Contemporary organizations require a strong learning orientation to gain competitive advantage. Based on in-depth interviews with senior executives and a review of the literature, the present investigation delineates four components of learning orientation: commitment to learning, shared vision, open-mindedness, and intraorganizational knowledge sharing. A framework is tested using data from a broad spectrum of US industries. Learning orientation is conceptualized as a second-order construct. Its effect on firm innovativeness, which in turn affects firm performance, is examined. The results generally support theoretical predictions, and some interesting findings emerge.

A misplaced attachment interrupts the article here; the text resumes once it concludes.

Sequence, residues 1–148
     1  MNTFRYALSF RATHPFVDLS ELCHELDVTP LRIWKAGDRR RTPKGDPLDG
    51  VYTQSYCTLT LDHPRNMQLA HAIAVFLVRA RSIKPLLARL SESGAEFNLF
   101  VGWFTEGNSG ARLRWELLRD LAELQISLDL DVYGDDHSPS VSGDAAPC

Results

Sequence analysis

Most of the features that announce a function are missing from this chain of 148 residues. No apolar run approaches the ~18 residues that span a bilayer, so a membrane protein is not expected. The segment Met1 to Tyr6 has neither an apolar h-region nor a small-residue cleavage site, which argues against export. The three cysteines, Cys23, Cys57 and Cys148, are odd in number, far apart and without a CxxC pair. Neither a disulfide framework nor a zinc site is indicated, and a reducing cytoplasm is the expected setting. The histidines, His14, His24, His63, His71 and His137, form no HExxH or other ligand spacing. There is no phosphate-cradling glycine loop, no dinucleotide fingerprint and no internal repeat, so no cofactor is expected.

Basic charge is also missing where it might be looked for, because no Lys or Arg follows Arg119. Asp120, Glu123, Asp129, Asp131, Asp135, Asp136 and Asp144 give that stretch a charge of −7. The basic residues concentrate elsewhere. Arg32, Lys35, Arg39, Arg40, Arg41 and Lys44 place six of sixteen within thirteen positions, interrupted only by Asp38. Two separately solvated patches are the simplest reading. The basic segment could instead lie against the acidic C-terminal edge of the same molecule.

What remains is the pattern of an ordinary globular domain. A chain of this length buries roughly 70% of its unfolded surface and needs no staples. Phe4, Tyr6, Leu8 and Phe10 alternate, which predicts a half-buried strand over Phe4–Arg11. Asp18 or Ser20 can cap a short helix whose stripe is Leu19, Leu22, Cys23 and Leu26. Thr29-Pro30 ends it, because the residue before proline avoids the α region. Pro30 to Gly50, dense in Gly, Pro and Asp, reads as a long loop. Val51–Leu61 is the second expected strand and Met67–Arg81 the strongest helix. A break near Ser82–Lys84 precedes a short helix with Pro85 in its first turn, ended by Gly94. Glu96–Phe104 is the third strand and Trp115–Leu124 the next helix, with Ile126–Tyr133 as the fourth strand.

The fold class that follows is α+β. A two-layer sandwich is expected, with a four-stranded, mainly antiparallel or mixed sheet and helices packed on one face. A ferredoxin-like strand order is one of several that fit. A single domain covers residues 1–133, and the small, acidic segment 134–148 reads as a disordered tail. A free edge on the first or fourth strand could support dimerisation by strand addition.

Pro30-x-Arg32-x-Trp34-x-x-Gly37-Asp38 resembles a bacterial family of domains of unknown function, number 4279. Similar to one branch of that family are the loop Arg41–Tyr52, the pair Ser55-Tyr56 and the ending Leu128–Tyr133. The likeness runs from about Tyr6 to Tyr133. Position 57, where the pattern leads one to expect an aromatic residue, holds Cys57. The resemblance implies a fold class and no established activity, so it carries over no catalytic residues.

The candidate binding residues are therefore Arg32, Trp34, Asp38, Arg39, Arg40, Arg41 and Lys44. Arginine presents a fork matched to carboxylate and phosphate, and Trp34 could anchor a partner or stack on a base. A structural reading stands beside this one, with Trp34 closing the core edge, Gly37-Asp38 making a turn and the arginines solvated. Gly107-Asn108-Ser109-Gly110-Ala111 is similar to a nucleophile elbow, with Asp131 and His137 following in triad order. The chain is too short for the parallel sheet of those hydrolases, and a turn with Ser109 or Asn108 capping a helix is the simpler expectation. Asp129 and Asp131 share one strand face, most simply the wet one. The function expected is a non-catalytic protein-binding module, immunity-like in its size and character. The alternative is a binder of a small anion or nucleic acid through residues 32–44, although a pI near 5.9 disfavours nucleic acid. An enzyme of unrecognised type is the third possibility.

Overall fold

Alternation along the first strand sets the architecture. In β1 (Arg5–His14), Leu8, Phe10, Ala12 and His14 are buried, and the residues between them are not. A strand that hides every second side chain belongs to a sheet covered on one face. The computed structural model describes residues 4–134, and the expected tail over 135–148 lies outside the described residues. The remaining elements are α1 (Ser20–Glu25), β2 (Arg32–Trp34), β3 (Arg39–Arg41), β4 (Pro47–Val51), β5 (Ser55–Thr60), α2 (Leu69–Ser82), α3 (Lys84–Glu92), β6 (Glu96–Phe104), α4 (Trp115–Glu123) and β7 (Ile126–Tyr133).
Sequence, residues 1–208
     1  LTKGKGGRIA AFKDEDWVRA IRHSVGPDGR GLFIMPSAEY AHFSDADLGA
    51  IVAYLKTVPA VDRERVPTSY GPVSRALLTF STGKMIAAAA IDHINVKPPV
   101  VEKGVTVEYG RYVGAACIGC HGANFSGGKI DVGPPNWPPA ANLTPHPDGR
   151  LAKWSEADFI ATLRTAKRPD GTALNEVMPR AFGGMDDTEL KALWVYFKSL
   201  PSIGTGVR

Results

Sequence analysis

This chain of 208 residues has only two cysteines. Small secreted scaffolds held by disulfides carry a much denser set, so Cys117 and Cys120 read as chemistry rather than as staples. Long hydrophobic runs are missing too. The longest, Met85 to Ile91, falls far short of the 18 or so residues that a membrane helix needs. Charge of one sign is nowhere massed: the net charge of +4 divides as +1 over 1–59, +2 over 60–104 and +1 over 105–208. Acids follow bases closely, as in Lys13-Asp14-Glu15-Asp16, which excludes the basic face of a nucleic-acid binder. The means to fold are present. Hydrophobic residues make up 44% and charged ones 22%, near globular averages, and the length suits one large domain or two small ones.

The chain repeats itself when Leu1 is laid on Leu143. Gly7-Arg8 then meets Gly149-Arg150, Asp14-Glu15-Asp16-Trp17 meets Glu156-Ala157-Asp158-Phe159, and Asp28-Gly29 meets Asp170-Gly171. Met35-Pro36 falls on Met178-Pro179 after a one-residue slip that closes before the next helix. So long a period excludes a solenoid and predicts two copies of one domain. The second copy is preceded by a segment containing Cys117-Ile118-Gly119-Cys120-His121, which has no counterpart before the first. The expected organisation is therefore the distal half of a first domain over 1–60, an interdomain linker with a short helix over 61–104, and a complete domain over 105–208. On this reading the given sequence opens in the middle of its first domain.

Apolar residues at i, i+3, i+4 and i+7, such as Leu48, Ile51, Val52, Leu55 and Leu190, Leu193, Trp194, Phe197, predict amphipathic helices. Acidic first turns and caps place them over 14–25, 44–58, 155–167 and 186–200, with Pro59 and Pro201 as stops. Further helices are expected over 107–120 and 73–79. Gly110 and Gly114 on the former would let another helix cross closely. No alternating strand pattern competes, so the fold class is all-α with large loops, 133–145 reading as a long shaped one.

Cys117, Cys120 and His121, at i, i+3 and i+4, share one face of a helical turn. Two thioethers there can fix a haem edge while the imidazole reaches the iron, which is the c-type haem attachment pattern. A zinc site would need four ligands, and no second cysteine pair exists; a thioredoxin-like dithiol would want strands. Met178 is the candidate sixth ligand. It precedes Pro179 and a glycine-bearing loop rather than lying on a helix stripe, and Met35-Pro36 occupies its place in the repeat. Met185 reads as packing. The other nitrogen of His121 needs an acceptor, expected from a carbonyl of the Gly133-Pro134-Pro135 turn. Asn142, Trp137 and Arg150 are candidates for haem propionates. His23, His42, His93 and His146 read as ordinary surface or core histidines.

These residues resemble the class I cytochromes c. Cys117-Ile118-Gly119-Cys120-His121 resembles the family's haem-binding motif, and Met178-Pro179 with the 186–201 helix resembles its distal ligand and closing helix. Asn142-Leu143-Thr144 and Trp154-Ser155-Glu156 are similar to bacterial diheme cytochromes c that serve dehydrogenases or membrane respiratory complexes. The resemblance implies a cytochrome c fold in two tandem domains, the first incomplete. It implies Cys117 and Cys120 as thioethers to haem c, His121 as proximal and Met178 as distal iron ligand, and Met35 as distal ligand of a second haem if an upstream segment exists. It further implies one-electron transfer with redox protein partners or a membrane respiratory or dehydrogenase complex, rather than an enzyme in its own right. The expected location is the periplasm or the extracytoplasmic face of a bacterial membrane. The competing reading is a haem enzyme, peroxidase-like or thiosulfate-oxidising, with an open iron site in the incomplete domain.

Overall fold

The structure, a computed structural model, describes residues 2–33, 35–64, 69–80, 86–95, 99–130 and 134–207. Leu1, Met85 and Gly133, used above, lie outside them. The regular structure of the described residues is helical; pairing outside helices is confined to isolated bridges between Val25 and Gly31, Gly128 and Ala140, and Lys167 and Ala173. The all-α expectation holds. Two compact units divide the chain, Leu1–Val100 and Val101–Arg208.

Mendeley saves you time finding and organizing research
Choose a citation style from the tabs below